• Keeping Friends

Friendship by the Book: Your So-Called Life

Published: September 14, 2010 | Last Updated: November 30, 2020 By | 12 Replies Continue Reading
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Released today, Your So-Called Life: A Guide to Boys, Body Issues and Other Big-Girl Drama You Thought You Would Have Figured Out By Now (Harper, 2010) is a self-described guide for thirty-somethings. This is a phase of life when friendships are in flux as women mate, marry and mother—so this time, the authors who previously teamed up to write Friend or Frenemy? (Harper, 2008), grapple with friendship issues in a more serious way. After all, they’ve aged and moved on too. But they’ve maintained their humor and whether you’re part of the demographic or not, you’ll thoroughly enjoy this effortless romp through pop culture and find yourself laughing out loud with them.

One example: “Here, we take a look at the changing face of adulthood from Before the Common Era to the present TMI Era, a time when our life choices are endless and we feel the need to write about it all over Facebook and Twitter> (@everyone-in-the-freaking-universe: should I choose the honey mustard, Grey Poupon, spicy mustard, chipotle mayor, or horseradish?).”

The book is a fast, fun and an easy read—filled with charticles, listicles, quizzes, tips, and factoids—but the book also carries some gravitas because the authors call upon 30 experts (from physicians to psychologists to career counselors and financial planners) to answer the burning questions faced by this age group. Full disclosure: I was the friendship expert Andrea and Jessica called on for the chapter entitled, “Ladies who Lunch Versus Girls’ Night Out: Your Ever-Evolving Social Circle.”.

This is the third collaboration of authors Andrea Lavinthal, a beauty editor, and Jessica Rozler, who works in book publishing and I think the authors have hit their stride with this one. Perhaps, I liked all the “grown-up” voices of experts they’ve added to their own. Or maybe I was won over by Andrea’s confession that she calls her mother at least once a day, not because she needs to but because she wants to.Yes, the authors have a handle on the questions and quandaries of young women on one side or other of the big 3-0. But they also offer something else to those old enough to be their parents: a glimpse into the mindset of their generation.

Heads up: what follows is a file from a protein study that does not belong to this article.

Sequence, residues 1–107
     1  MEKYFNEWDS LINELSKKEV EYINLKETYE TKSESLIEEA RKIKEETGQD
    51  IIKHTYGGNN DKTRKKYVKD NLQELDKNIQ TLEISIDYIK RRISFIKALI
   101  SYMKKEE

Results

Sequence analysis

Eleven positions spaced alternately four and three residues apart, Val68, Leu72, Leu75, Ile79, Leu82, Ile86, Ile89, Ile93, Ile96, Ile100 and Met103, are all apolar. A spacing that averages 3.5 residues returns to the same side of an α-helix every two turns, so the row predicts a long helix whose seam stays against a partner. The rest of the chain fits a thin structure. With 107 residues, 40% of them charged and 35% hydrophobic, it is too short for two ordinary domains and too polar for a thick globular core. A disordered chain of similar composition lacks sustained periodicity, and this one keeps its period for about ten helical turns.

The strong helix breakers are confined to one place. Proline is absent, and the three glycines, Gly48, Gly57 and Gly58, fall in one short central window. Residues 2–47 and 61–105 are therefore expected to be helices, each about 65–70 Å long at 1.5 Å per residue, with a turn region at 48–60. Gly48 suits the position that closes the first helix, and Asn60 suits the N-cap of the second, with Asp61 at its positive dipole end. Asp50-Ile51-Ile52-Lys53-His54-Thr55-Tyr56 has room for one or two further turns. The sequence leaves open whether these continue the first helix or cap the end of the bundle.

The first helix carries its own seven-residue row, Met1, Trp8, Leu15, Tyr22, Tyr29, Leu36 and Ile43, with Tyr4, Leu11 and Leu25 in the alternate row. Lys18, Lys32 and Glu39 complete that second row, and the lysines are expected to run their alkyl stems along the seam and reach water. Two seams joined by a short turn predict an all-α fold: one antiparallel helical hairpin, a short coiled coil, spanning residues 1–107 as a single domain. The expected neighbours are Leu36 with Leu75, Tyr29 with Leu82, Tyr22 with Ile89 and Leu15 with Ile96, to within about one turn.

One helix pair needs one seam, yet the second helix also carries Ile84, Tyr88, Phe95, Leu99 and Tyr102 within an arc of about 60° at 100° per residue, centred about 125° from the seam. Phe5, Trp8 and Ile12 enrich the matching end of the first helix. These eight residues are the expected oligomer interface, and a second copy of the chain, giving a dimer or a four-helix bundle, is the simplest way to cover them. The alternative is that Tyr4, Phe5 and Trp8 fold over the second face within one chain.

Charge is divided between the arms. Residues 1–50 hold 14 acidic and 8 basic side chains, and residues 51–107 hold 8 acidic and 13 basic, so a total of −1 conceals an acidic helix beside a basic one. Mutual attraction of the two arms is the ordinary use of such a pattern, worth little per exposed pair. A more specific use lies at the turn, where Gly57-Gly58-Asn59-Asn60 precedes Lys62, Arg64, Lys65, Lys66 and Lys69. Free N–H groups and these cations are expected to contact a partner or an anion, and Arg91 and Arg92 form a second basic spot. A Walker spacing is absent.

Friendship by the Book is an occasional series of posts on The FriendshipBlog about books that offer friendship lessons. 

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Comments (12)

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  1. Erin says:

    I listen to Cosmo Radio on Sirius/XM every day – both Wake Up and Cocks With P. I heard you talking the other day with Patrick and Leah and I thought, this book is just what I need. People kept telling me that turning 30 was no big deal. In fact, their thirties were the best years of their lives. With the stress of a new house, 2 jobs, illness and a best friend who is distancing herself because she’s the only unwed one in our group, I have been hoping I could pick up something that could help me laugh about this time in my life while also offering some insight. And since this book is new and actually written by people in my generation who I feel have similar experiences as me, I think it will be a very worthwhile read. No one tells you when you are younger that life gets harder, the decisions get harder to make, and that people will change so much. I’ve found that my life has little resemblance to what it was 5 years ago befor I turned 30. I have a lot of trouble understanding why people who are “grown up” are so unreliable and unpredictable. I thought at 30 (or older) we would all be stable? Anyway, I’d love a copy of the new book. I’ve been heeding all of Andrea’s advice (doled out on Cosmo Radio) for a while now, so I’d love to read her work too!

  2. Arie Rich says:

    i left the message below on the Psychology Today post, I didn’t know the contest was also posted on here. For a minute I thought I was the only one entering and possibly winning. :-/

    Anyways, here’s why I would love to read this book: